Recent events have damaged Georgia’s reputation as “a champion of democratic reforms in the region,” Matyas Eorsi, a rapporteur from the Parliamentary Assembly of the Council of Europe (PACE), said on November 10 in Tbilisi.
Eorsi, a Hungarian lawmaker, and his PACE colleague, Kastriot Islami, a lawmaker from Albania, arrived in Georgia on November 9, after President Saakashvili imposed a state of emergency, restricted the media and closed down two television stations, Imedi and Kavkasia.
Eorsi recalled his previous visit to Georgia in September. “You remember how enthusiastic we were [then] about [the] progress Georgia had achieved,” he said.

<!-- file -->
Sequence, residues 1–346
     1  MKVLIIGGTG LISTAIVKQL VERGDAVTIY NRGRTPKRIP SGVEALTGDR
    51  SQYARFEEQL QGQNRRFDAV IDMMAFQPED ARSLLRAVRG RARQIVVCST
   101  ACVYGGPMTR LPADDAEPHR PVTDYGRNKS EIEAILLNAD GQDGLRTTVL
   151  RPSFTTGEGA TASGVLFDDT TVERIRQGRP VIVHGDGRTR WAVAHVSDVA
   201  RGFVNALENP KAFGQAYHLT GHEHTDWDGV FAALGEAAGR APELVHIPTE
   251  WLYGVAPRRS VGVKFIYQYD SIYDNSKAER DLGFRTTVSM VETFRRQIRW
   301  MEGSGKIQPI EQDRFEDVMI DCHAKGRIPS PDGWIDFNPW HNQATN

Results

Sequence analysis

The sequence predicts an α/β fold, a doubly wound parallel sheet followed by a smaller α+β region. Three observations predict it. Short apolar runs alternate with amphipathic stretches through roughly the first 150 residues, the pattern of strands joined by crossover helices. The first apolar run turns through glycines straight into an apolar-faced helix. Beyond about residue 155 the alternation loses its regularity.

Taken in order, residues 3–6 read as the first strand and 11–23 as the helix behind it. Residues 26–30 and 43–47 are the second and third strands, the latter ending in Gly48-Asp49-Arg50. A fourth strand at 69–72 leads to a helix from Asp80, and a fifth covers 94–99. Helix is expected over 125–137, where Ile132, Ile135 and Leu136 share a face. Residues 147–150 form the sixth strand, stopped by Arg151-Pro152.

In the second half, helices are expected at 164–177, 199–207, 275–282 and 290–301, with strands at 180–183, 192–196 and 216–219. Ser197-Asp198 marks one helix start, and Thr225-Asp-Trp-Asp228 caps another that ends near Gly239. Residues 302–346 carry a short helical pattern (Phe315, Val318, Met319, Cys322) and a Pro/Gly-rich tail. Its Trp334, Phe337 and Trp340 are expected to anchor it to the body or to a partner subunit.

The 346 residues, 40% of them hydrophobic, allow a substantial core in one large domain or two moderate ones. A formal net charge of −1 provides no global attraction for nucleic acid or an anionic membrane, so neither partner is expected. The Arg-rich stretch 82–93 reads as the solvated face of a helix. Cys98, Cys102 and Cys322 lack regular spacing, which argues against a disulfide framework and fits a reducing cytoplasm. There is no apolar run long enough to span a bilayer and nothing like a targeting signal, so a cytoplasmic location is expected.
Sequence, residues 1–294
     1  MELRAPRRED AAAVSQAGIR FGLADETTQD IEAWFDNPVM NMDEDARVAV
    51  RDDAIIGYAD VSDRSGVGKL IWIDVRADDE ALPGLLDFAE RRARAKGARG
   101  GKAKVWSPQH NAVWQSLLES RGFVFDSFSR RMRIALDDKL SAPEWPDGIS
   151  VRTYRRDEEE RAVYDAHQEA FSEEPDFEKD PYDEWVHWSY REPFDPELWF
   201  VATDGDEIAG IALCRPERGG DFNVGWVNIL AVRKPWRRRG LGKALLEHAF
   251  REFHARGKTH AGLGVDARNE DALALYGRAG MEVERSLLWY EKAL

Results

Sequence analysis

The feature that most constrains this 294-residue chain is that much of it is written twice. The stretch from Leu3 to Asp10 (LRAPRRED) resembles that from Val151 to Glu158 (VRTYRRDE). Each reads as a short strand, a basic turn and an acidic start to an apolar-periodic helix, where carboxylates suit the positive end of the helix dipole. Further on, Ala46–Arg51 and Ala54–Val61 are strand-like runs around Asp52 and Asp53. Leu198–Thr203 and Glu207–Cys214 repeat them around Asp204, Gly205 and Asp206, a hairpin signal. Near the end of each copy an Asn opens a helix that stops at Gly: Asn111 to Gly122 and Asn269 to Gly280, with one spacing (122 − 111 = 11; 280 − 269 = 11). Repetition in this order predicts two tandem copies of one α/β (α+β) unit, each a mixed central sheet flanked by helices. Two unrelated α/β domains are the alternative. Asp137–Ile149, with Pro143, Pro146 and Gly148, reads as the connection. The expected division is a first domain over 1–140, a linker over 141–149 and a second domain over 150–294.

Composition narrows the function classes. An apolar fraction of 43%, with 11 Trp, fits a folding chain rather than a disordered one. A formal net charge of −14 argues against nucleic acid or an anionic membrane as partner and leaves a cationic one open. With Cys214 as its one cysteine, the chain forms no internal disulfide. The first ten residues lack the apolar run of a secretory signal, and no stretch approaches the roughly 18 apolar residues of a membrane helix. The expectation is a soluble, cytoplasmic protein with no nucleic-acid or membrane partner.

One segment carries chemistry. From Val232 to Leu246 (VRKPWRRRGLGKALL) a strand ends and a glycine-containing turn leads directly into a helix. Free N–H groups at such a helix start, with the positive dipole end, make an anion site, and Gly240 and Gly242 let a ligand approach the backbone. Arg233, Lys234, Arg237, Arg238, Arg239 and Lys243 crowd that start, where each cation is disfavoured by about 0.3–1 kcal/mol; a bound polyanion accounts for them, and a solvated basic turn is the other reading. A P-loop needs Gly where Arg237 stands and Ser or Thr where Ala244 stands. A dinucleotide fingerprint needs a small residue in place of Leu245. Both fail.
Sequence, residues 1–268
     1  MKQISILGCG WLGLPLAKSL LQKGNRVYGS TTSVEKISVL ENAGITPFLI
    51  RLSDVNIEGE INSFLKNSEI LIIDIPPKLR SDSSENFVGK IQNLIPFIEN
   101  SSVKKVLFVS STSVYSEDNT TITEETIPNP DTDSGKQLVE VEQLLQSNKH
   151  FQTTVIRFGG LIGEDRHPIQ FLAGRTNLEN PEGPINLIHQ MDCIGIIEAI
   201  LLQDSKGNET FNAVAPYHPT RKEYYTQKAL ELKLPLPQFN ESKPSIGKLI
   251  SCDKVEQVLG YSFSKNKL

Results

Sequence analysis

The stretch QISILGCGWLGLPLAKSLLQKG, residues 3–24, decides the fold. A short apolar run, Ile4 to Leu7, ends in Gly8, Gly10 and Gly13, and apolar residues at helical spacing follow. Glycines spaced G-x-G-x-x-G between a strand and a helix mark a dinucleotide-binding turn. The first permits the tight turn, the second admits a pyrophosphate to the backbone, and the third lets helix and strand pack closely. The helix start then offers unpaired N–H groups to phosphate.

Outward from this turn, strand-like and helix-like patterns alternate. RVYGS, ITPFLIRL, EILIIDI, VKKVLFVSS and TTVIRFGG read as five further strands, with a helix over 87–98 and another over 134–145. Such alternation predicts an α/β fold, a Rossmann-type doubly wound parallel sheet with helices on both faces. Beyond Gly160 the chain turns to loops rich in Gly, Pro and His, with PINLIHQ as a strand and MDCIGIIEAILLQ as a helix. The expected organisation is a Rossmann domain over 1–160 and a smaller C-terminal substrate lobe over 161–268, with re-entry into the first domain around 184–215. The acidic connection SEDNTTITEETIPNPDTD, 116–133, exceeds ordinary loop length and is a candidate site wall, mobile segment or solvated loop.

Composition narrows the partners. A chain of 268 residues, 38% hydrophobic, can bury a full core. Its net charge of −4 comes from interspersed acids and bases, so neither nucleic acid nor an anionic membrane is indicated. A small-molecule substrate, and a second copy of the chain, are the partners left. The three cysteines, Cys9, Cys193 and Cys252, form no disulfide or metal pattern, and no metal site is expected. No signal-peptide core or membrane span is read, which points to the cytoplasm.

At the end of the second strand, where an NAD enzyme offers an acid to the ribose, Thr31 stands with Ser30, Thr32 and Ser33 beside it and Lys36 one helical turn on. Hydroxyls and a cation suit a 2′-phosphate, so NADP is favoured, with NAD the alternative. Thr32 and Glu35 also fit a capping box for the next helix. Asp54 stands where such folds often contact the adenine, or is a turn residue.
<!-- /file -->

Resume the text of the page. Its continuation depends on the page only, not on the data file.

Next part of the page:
“Contrary to what we saw in mid-September, now we see that the country has been upset by events which we believe have damaged Georgia’s reputation as a champion of democratic reforms in the region,” Eorsi said at a news conference in Tbilisi. “I have been visiting Georgia since ’92 and every the time I come to Georgia I start to say how happy I am to be back in Georgia. This is not the case today.”
“Police violence against peaceful demonstrations, shutting down private broadcasting stations and clamping down information dissemination is unacceptable in any circumstances in a democratic system,” he said. “We believe that it is [in the] interest of the whole of Georgia to lift the state of emergency in the closest time possible.”
The PACE co-rapporteurs have urged both the authorities and opposition to immediately resume talks and find a compromise on all disputed issues.
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